Eliot Spitzer, the hard-charging former New York Governor and onetime "Sheriff of Wall Street," who resigned five years ago in a spectacular fall from grace following a prostitution scandal, is returning to New York politics. Spitzer, a Democrat who called himself "the Steamroller" for his aggressive brand of political combat, said Sunday that he's running for New York City comptroller, an important but under-appreciated city office that presides over the management of $140 billion in city pension funds. In this role, Spitzer, 54, could exert considerable influence over New York City's financial health.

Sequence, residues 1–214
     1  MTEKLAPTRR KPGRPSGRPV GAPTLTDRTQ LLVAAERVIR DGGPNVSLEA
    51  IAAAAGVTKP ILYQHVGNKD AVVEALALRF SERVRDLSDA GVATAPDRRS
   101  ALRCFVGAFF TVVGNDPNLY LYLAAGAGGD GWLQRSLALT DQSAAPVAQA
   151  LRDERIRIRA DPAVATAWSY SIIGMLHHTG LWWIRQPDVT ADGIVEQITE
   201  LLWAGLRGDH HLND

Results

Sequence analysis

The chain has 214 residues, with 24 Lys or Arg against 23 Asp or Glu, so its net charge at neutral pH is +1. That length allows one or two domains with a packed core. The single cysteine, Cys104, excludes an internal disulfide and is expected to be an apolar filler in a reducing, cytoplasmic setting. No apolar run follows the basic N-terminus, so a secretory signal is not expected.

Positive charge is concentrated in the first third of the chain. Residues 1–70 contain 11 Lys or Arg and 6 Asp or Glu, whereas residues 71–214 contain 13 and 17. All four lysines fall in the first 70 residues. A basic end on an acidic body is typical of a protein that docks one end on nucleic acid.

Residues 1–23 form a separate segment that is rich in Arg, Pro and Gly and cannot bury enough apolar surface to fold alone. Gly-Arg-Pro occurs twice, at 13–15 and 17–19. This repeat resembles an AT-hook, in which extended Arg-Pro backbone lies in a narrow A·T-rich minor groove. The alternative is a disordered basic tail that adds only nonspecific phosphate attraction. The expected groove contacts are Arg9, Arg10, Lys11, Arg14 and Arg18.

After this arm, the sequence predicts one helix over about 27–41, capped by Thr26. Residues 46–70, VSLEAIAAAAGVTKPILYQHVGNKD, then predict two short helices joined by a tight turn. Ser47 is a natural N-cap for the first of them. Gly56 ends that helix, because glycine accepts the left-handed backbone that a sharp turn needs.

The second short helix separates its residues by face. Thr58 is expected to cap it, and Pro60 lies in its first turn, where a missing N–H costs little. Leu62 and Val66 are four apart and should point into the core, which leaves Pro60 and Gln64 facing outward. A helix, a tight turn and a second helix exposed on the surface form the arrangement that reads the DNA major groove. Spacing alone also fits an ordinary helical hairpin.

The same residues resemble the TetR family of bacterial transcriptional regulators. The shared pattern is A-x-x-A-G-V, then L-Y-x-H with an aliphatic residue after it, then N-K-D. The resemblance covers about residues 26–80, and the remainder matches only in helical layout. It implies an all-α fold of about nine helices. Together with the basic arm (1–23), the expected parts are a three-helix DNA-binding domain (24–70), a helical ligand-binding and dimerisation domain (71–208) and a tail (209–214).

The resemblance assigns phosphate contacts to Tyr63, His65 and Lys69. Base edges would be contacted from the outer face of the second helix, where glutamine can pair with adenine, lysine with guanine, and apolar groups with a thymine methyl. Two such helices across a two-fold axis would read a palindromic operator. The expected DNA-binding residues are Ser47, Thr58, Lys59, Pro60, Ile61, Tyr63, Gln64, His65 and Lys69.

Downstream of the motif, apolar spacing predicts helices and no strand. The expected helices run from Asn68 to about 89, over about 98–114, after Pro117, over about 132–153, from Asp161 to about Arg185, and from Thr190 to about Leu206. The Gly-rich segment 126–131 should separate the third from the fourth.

Aggressive police tactics are likely to worsen the situation.
"Although California's guidelines place restrictions on places of worship," Roberts wrote, "those restrictions appear consistent with the Free Exercise Clause of the First Amendment."
What happened to staying at home to keep grandparents safe no matter what?
They're using their Second Amendment rights to protect local businesses from riots and looting.
The Supreme Court could announce as early as Monday that it's revisiting qualified immunity, a doctrine that shields rotten cops from civil rights lawsuits.